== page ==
DS News

DS News_February_2023

DSNews delivers stories, ideas, links, companies, people, events, and videos impacting the mortgage default servicing industry.

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Page 31 of 83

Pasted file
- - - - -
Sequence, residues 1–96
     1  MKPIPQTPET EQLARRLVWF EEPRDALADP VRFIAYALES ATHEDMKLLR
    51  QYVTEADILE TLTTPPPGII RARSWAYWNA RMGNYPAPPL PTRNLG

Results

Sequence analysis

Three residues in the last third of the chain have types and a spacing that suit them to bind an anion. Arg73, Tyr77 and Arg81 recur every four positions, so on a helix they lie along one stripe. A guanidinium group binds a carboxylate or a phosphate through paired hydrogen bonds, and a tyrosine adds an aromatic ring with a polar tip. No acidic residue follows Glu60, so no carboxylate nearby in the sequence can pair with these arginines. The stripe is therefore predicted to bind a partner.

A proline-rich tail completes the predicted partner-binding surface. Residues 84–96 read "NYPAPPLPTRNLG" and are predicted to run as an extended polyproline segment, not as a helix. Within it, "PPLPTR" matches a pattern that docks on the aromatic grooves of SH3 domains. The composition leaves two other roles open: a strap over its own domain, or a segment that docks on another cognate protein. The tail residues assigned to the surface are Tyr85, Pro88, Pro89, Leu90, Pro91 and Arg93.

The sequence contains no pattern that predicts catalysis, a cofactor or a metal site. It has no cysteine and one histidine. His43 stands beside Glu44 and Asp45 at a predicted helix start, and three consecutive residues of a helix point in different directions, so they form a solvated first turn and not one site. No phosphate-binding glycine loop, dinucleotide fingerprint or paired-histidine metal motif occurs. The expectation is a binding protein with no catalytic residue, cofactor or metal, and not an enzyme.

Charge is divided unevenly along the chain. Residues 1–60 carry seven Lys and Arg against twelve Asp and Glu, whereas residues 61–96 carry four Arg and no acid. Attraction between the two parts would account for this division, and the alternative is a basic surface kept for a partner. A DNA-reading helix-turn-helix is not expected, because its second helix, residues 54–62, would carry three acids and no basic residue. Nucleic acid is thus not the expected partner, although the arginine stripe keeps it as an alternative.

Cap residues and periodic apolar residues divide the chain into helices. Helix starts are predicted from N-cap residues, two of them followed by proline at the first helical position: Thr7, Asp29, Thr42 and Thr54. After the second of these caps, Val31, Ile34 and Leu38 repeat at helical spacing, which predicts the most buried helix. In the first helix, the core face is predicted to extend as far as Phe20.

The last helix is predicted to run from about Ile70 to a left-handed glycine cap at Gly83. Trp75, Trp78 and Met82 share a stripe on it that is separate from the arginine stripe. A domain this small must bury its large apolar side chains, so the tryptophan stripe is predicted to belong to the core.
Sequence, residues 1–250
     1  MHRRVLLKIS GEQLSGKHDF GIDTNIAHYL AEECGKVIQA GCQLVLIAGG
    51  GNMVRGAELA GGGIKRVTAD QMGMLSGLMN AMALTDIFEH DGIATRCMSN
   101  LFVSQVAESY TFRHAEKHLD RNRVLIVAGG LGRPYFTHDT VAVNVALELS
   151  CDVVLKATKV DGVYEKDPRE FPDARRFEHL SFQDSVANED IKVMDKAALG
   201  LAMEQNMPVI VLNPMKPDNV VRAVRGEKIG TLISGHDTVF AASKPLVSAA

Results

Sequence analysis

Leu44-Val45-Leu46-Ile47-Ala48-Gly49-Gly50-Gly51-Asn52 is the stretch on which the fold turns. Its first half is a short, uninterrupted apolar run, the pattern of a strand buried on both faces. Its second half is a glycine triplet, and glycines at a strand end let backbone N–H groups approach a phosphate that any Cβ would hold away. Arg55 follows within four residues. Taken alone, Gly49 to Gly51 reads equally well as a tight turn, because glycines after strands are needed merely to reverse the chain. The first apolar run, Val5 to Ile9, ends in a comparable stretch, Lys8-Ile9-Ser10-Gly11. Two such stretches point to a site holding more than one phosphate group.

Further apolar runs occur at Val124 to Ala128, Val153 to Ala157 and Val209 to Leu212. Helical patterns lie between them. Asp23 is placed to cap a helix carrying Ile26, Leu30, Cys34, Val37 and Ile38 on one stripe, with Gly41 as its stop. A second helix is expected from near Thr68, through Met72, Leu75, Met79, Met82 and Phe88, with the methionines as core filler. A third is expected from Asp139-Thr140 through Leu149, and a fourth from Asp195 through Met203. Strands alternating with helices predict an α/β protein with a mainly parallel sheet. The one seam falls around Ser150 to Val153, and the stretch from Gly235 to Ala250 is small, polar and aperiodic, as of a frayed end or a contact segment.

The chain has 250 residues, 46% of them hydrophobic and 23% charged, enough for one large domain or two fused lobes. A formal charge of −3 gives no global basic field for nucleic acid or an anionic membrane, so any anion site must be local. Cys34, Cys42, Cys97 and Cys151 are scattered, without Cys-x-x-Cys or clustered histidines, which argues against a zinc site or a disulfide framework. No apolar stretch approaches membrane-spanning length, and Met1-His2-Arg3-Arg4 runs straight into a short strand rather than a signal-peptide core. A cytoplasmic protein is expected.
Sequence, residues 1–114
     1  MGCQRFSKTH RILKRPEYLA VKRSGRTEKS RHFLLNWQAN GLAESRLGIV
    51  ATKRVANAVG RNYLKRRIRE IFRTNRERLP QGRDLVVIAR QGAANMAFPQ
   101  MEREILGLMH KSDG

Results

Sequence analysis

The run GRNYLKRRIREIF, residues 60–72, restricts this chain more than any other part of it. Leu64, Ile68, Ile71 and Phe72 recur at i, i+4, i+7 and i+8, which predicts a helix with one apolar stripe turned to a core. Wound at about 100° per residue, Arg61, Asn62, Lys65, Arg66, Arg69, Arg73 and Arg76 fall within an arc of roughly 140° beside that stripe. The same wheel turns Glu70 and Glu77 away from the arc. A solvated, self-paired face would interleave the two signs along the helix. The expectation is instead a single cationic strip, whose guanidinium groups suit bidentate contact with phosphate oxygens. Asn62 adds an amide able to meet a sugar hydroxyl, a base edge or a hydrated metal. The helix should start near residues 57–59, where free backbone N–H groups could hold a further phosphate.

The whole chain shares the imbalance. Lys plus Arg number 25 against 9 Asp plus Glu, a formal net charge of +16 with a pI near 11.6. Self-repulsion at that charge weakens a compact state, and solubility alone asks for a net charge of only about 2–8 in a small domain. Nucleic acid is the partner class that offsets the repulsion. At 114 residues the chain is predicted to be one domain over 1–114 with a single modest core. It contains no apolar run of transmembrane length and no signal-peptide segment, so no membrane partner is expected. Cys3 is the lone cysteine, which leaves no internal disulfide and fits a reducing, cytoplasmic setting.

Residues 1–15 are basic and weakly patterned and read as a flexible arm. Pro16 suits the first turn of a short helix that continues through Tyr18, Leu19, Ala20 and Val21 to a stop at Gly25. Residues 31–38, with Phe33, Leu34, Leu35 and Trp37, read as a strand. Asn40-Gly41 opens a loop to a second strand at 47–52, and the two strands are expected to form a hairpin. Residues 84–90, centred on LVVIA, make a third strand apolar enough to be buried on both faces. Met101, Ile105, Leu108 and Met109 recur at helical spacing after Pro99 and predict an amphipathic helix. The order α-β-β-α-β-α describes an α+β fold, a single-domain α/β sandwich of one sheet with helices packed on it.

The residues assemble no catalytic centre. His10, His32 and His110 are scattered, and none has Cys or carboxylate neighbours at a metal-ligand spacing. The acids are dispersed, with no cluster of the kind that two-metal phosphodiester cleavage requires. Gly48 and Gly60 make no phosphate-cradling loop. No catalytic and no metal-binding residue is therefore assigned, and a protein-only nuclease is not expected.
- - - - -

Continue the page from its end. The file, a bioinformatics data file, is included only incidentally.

30 For almost 100 years, loan modifications have been utilized in the United States to adjust mortgage loans of individuals struggling to make their payments by: reducing interest rates, reducing their ongo- ing monthly mortgage payment, or even reducing principal balances. Modification programs began during the Great Depression in the 1930s at the state level and transformed over the years into federal policy during the subprime mortgage crisis in the early 2000s. Forbearance agreements raced onto the scene during the COVID-19 pandemic. Borrowers quickly found themselves in an unexpected fi- nancial situation with the future uncertain. Along with forbearance agreements, there was more help as mortgage interest rates fell to record lows in 2020 and 2021 during the pandemic. Swift actions by the Federal Reserve pushed mortgage rates below 3% and helped to keep them there. Low interest rates coupled with a housing market boom gave hope that the housing market would survive and even flourish during the pandemic. e narrative changed in 2022. With inflation skyrocketing, mortgage interest rates have surged to their highest levels since 2002 1 . is has created a new difficulty, with millions of Americans still recovering from the fallout of the pandemic and needing assistance with their loans. e challenge becomes, how can a borrower in distress be offered a loan modification that can modify the loan to a payment that the borrower can afford when high interest rates may cause the payment to go up? Typically, the answer to help a borrower stay in their home and avoid foreclosure was to add the delinquent payments to the loan amount, extend the term, and adjust the interest rate on the mortgage to the current market rate. But because today's interest rates are rising, a loan modification may no longer be the pathway to home retention. Loan modifications are particu- larly attractive for borrowers when interest rates are low, because the borrower can often obtain a lower monthly payment. However, when interest rates are higher, a loan modification may not be the answer the borrower is hoping for. Due to servicer and federal guidelines, some lenders are not able to approve modifications if the principal and interest payment is increased beyond a cer- tain amount. Higher interest rates and amortizing the loan to account for the past-due balance may cause that payment to increase too much, thereby eliminating the option of a loan modification. Before the financial crisis in 2008–2009, most borrowers faced with foreclosure would opt to file a Chapter 13 Bankruptcy case. A Chapter WHY CHAPTER 13 BANKRUPTCY SHOULD BE BACK ON THE RADAR Legal Industry Update By By Laura M. Hawley & Michael P. Hogan 1 As of 12/29/2022 the national average for a 30-year mortgage loan is 6.42% according to https://www.freddiemac.com/pmms

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